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Thu Sep 24, 2020, 01:35 AM

Confessions of a Trump Troll

Source: The New Yorker
By Charles Bethea
August 24, 2020
Read more: https://www.newyorker.com/magazine/2020/08/31/confessions-of-a-trump-troll

This article presents interesting ideas about how to troll. Makes me wonder about how to use these tactics against Trump and other Republican candidates.

“I like chaos. I thrive in it”: a Georgia lawyer with too much time on his hands and ties to the G.O.P. describes how he used twenty fake Twitter accounts to disseminate political disinformation.


snip
For years, the lawyer, who asked not to be identified, worked in Washington, D.C., for the Republican Party. He moved his family south a few years ago, having realized, he said, that “D.C. is just Hollywood for ugly people.” He found that he had time on his hands. “I’d never been interested in social media,” he said. “I can’t stand Facebook.” But he became intrigued by the power of Twitter. “Really repulsive meme-ing, the stuff that makes you laugh, makes you remember,” he said. The right, he went on, “is great at it instinctively. Whether it’s a 4chan board or basement neckbeards, they nail it. They can distill a huge talking paragraph into a cat picture.” He considers Trump’s digital facility “absolutely genius,” and believes that his frequent Twitter misspellings (“Barrack Obama,” “covfefe”) are intentional. In 2015, while the lawyer’s young children napped, he began trolling. “I’d have a glass of wine, talk to my wife, watch Netflix, and see what kinds of things we could do,” he said. He would sometimes pass four or five hours a day this way.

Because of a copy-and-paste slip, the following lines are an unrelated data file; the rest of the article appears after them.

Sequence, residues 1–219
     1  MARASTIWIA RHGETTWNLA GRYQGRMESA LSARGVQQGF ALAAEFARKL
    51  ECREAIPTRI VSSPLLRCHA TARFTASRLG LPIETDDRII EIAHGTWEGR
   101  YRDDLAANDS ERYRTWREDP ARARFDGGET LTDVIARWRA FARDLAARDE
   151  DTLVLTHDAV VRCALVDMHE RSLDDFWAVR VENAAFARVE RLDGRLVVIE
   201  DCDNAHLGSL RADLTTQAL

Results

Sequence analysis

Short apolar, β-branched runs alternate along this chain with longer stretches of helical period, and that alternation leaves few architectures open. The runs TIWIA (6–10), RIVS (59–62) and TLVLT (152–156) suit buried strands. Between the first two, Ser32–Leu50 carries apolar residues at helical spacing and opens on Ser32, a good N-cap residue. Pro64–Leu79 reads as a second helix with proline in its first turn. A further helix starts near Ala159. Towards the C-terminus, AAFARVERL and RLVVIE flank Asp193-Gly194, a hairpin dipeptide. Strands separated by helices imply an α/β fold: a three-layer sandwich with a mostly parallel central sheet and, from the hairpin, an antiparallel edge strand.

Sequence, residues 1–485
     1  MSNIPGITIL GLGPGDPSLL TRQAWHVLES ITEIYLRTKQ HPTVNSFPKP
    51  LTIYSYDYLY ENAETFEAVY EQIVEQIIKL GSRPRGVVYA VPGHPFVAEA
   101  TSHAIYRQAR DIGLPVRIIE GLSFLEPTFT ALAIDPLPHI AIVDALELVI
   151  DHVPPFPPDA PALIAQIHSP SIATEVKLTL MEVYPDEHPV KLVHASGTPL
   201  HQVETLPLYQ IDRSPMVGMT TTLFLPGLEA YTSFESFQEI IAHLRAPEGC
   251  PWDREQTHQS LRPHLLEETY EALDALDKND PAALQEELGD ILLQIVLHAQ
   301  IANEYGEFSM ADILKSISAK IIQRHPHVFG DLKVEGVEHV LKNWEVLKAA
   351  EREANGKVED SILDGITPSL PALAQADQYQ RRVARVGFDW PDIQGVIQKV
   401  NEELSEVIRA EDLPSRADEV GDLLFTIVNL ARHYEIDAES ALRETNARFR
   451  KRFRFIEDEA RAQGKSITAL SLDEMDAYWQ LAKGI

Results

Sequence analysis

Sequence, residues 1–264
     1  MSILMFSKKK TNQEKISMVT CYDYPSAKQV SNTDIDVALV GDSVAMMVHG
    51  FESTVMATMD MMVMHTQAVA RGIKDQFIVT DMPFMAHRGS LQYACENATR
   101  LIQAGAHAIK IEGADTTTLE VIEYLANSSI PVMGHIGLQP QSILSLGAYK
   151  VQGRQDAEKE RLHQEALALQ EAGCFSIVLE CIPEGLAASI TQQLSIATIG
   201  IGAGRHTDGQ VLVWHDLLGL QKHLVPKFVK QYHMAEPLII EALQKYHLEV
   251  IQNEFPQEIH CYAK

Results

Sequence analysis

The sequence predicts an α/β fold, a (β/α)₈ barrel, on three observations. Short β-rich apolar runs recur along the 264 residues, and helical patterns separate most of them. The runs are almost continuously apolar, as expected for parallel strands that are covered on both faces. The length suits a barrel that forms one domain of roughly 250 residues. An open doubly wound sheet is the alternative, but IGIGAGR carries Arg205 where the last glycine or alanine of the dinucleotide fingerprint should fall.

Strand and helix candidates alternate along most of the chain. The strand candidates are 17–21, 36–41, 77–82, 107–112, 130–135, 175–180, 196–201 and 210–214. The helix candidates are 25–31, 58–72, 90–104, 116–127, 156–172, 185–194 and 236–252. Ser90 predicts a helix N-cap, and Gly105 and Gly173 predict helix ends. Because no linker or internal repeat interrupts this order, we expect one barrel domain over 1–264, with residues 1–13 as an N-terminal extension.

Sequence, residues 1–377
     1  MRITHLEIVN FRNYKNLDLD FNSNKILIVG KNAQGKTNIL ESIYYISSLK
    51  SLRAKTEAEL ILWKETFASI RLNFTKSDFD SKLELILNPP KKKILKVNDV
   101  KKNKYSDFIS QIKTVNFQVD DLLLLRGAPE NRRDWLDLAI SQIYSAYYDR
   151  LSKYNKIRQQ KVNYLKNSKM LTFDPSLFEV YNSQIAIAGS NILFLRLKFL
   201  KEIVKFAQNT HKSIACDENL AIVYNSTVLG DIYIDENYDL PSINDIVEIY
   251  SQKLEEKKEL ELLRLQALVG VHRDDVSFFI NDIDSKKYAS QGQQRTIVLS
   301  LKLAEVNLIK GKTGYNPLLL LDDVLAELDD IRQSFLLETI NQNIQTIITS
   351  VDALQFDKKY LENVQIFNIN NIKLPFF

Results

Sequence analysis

The lawyer is not a mainstream Republican; he likes Bill Clinton and Bernie Sanders. He was also unbothered by the recent Senate report on Russia’s election meddling. (“If you’re not interfering with elections,” he said, “you’re not doing it right.”) Out of curiosity, he attended a far-right gathering, where he found the younger attendees to be “maybe a little misguided, but well intended.” He began creating fake Twitter accounts, he said, to see “whether I could get more interactions, more retweets, by being a little more radical.” The Confederate flag was often his avatar, or the Bonnie Blue, a lesser-known Confederate banner. For his handles, he made up acronyms with a nationalistic tinge, such as FFK: Faith Folk and Kin. He fashioned the accounts’ ersatz users as boomers or gun-rights activists. The latter, he said, were easy: “Just follow Dana Loesch and interact with those crazy girls who stay up all night tweeting Second Amendment stuff.” He added, “I’d get them to retweet me and then my following would blow up.” By the time the 2016 race was under way, he had about twenty accounts, each with a few thousand followers. His fake alt-right accounts amplified Trump’s messaging and distorted Hillary Clinton’s. (“Something about her makes me nervous,” he said.) His fake Antifa ones spread what he called “disinformation and false stories” to benefit Trump.



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FreddyWhite Sep 2020 OP
Wounded Bear Sep 2020 #1

Response to FreddyWhite (Original post)

Thu Sep 24, 2020, 01:48 AM

1. Like I've been saying, we've been taken over by internet trolls...

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